- Recognizing, assessing, and prioritizing the need for first aid
- Providing care by using appropriate knowledge, skills, and behaviors
- Recognizing limitations and seeking additional care when needed
In order to review these recommendations, ACEP Now has partnered with three emergency medicine residency training programs (Wake Forest School of Medicine, Winston-Salem, North Carolina; Mayo School of Graduate Medical Education/Mayo Clinic, Rochester, Minnesota; and Warren Alpert Medical School of Brown University, Providence, Rhode Island) to review 15 of these recommendations following the PICO (Population, Intervention, Comparator, and Outcomes) analytic format utilized by the recommendation authors.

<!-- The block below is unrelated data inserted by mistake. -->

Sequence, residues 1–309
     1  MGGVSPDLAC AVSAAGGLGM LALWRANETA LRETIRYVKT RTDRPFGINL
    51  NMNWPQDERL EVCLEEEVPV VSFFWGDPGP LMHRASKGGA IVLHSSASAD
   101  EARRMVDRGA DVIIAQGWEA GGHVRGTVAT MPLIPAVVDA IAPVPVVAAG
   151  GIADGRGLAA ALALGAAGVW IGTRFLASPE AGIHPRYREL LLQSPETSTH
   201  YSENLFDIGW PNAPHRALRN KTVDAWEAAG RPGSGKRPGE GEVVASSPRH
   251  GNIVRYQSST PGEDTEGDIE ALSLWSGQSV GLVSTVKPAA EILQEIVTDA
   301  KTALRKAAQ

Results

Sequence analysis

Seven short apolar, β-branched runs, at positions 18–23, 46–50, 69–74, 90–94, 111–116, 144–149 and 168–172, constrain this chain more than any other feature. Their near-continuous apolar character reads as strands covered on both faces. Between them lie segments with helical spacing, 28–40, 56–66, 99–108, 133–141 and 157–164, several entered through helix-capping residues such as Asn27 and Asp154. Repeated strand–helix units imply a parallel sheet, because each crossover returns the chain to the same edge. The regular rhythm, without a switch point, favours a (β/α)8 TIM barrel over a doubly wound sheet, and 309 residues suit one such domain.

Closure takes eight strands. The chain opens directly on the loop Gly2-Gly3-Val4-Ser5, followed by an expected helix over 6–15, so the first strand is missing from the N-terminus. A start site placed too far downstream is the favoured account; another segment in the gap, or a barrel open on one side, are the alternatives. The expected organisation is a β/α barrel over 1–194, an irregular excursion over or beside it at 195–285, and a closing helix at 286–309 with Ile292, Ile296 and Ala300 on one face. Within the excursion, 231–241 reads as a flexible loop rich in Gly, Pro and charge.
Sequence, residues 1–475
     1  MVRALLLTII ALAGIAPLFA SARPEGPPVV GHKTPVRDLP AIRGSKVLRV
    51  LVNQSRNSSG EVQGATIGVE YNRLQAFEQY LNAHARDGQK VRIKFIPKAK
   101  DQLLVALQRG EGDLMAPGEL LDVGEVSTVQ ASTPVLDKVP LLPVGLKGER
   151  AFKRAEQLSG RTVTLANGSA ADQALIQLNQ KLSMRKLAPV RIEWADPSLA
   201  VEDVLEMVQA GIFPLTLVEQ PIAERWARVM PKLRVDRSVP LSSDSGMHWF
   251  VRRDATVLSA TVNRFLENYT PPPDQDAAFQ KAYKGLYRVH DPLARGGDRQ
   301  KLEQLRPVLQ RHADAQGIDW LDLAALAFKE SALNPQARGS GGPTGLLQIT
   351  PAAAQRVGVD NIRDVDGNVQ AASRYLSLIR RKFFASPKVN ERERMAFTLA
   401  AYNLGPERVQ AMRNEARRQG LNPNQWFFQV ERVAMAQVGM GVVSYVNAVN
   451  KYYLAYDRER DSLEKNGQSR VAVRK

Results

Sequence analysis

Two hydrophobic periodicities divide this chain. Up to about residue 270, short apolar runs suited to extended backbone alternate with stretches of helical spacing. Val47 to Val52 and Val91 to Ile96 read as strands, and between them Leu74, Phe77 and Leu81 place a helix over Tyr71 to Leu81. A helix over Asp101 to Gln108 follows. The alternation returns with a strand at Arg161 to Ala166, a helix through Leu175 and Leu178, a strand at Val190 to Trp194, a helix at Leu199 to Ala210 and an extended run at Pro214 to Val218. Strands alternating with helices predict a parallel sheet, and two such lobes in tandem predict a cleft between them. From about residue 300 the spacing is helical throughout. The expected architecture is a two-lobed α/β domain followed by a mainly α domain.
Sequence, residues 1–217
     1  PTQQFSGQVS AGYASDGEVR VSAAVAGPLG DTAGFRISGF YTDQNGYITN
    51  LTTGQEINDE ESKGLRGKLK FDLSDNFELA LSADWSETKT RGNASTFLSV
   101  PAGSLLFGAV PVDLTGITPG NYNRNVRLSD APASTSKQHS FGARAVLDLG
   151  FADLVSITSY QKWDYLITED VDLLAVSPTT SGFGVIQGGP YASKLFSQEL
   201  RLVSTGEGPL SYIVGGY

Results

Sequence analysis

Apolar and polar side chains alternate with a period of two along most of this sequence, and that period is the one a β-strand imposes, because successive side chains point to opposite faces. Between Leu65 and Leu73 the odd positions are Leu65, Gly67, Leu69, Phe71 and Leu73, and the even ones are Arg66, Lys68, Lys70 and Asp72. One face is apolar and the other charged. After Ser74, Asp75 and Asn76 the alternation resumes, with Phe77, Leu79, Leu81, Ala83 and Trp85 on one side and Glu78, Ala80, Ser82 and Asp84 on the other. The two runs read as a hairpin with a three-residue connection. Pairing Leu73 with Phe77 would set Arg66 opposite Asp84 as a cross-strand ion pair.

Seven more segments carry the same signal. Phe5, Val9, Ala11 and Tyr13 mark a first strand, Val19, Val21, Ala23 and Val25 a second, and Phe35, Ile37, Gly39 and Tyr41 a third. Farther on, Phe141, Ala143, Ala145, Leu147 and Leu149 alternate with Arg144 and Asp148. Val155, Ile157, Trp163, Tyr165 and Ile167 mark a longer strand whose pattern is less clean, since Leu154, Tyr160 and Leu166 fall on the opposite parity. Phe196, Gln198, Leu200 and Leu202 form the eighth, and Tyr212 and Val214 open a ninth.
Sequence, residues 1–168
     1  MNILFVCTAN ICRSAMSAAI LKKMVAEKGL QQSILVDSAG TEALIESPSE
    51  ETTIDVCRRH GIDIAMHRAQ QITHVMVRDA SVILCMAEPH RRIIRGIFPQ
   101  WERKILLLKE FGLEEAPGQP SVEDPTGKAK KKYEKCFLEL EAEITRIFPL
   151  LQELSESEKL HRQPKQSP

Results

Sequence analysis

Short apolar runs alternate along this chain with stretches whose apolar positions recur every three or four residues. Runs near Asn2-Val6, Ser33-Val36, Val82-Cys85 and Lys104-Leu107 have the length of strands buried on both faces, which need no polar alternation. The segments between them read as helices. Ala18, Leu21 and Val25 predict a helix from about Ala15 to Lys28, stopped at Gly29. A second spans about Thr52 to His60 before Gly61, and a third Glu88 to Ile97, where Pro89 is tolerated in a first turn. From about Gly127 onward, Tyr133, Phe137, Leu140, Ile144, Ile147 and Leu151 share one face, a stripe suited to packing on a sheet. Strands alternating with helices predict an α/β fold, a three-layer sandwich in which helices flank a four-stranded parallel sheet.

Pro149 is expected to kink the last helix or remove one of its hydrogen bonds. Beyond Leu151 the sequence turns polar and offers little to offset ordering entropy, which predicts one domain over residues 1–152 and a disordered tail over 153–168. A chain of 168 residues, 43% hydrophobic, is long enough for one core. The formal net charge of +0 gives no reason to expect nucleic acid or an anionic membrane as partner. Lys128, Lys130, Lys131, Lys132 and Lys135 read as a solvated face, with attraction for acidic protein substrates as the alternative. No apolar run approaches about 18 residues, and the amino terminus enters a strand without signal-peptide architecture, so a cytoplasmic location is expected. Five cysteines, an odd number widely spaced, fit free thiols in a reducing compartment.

Howard Mell, MD, MPH, CPE, FACEP, assistant professor, Wake Forest Baptist Medical Center, Department of Emergency Medicine Jessica L. Smith, MD, FACEP, associate professor (clinical), Warren Alpert Medical School of Brown University, and program director, Emergency Medicine Residency Jason Stopyra, MD, FACEP, assistant professor, Wake Forest Baptist Medical Center, Department of Emergency Medicine Matthew Sztajnkrycer, MD, PHD, FACEP, associate professor, Mayo Clinic, Department of Emergency Medicine
Reference: Singletary EM, Charlton NP, Epstein JL, et al. Part 15: first aid: 2015 American Heart Association and American Red Cross Guidelines Update for First Aid. Circulation. 2015;132(suppl 2):S574–S589.